House Committee Advances Military Construction, Veterans Affairs Spending Bill

MilCon-VA bill funds veterans’ health care programs and benefits, in addition to VA programs.

The House Appropriations Committee advanced a bill on May 23 to fund military construction, the Department of Veterans Affairs (VA), and related agencies.

The measure, commonly known as MilCon-VA, has a top line of more than $129.56 billion, $5.69 billion less than what was allocated this year. It was the first bill advanced by the committee. The final tally was 34 to 25.

The bill funds veterans’ health care programs and benefits, in addition to VA programs. It also includes $2 billion for military family housing and $1 billion allocated towards initiatives in the Pacific, including funding for Guam and dedicated funding for the U.S. Indo-Pacific Command, the U.S. military focus in the region amid the threat from China.

It also prohibits the implementation, administration, or enforcement of the Biden administration’s executive orders on diversity, equity, and inclusion (DEI).

Additionally, it forbids taxpayer dollars from being used for abortions and bans the VA from “processing medical care claims for illegal aliens,” according to a committee press release.

House Appropriations Committee Chairman Tom Cole (R-Okla.) said the bill “is a testament to our dedication to caring for those who selflessly served our nation, supporting our military families, and strengthening America’s defense.”

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“We are keeping our promises to those who’ve sworn the sacred oath to protect the nation,” he added.

When the appropriations bill will be voted on in the GOP-controlled House is unknown. Even if the measure passes the House, it would likely be dead on arrival in the Democrat-controlled Senate.

Also on May 23, one of the committee’s subcommittees marked up the appropriations bill for the legislative branch, setting a top line of almost $7.13 billion, a $375 million increase from this year. It includes a 4.8 percent increase, or $830 million, for the Capitol Police. The appropriations bill is the only proposed increase by the committee.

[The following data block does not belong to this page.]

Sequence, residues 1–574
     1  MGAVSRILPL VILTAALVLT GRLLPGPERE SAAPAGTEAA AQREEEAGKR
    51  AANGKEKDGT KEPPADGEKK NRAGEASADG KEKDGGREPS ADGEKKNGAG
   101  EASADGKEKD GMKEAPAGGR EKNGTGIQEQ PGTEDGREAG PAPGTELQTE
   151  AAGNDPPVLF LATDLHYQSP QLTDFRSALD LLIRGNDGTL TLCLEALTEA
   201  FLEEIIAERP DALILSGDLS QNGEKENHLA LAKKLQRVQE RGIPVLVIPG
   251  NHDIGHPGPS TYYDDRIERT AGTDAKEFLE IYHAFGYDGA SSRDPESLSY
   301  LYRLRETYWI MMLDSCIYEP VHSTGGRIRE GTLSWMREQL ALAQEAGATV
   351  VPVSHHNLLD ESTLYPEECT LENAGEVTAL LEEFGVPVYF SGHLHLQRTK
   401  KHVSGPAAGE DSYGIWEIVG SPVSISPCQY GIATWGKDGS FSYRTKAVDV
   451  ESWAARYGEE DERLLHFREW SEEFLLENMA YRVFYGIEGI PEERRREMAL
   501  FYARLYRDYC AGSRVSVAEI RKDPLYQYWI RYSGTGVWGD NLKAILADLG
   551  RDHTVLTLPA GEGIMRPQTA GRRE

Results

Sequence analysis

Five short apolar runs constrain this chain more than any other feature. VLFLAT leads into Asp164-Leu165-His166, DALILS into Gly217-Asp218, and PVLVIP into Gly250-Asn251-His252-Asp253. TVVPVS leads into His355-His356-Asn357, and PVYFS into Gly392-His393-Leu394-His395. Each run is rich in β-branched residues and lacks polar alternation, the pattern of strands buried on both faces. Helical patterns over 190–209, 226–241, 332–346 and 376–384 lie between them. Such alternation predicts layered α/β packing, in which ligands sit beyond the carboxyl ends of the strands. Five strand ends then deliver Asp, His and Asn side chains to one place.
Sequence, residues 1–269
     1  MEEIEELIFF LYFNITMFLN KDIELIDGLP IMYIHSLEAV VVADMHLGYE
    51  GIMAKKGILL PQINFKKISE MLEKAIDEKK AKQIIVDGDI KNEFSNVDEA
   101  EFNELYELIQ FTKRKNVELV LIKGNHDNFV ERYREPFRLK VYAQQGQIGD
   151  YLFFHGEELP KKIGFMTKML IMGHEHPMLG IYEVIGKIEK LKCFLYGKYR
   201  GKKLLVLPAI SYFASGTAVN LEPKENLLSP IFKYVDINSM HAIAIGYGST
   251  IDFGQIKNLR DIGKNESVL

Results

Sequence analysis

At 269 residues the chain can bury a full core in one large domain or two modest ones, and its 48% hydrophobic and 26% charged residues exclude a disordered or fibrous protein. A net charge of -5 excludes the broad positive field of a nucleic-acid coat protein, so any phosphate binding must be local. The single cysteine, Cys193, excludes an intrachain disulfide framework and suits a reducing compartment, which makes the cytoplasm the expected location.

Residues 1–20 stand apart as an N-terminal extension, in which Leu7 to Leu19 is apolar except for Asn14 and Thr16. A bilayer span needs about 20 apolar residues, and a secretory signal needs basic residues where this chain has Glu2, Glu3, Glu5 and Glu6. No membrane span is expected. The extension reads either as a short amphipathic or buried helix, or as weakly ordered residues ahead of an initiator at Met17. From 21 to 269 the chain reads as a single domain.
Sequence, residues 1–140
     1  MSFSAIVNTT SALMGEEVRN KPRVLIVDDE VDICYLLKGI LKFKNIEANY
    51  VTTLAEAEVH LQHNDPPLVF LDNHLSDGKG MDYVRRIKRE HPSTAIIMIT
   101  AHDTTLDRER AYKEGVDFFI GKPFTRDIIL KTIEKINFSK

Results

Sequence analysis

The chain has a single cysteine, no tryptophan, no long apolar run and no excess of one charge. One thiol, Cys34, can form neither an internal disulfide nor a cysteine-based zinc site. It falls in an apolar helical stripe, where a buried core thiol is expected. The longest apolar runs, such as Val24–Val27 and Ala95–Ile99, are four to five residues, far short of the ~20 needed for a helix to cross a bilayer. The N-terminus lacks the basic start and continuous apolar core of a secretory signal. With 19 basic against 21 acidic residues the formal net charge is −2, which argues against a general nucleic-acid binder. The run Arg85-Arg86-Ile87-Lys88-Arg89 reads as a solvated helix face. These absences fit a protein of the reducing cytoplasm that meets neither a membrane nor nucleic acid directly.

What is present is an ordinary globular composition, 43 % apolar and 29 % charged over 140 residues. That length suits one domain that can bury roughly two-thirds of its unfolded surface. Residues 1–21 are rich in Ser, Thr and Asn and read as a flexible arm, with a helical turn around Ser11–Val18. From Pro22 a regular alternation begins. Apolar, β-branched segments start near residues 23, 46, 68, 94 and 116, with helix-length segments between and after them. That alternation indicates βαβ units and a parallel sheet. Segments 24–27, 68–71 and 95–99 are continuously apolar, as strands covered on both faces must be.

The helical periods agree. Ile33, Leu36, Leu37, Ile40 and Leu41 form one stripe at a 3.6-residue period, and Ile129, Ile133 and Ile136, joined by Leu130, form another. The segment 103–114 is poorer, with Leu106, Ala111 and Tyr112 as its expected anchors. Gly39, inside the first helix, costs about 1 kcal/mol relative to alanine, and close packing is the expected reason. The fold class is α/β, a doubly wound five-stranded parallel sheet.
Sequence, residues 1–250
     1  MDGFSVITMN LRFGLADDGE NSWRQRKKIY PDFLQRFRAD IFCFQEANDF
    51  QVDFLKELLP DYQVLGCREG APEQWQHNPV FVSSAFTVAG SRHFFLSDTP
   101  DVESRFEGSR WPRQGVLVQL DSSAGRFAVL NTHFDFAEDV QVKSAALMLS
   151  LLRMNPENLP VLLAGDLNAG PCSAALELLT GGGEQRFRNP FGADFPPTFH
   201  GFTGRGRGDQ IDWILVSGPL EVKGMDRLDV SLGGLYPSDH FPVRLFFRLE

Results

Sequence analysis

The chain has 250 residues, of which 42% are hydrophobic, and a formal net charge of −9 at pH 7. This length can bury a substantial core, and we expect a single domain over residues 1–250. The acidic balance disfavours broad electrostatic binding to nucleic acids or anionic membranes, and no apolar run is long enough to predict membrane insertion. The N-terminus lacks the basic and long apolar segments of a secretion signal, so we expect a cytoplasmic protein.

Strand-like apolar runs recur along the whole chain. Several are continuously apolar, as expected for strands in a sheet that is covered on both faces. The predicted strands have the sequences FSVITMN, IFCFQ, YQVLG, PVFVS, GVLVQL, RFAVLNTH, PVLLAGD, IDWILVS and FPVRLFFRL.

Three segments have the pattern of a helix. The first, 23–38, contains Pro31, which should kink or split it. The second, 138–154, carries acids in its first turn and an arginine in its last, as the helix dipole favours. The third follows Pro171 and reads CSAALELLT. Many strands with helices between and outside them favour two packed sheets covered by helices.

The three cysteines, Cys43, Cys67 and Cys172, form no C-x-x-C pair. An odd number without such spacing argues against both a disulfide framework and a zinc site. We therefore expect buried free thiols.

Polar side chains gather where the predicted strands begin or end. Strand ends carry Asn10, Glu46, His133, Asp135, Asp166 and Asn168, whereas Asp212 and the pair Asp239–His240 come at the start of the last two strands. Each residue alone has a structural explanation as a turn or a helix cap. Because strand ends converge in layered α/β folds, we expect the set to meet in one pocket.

The committee released its top-line numbers for the 2025 fiscal year on May 16. The numbers are slightly more than what was allocated under the 2023 Fiscal Responsibility Act (FRA), which raised the debt ceiling.

The total is almost $1.61 billion in defense and non-defense spending.

The top line for defense spending would be more than $895.21 billion, which is $9 billion more than the top line in the FRA. It is also $70.2 billion more than what was appropriated for the 2024 fiscal year.

For non-defense spending, the top line would be almost $710.69 billion, which is more than $6 billion higher than the top line in the FRA. It is $62.10 billion less than that top line in the 2024 appropriations.

In a statement, Mr. Cole said that this highlights the fiscal discipline behind what his committee will put forth.

“In the face of an aggressive schedule and fiscal constraints, we will demonstrate responsible governance and safeguard hard-earned tax dollars,” he said.

“Our FY25 process will reflect our commitment to strengthening our national defense, supporting the safety and security of the American people, and reining in government to its core mission.”

The committee announced its schedule for marking up the appropriations bills on May 16. The committee and its subcommittees will begin their first markup on May 21 and conclude with the last one on July 10.

The federal fiscal year starts on October 1 and ends on September 30.

Original News Source Link – Epoch Times

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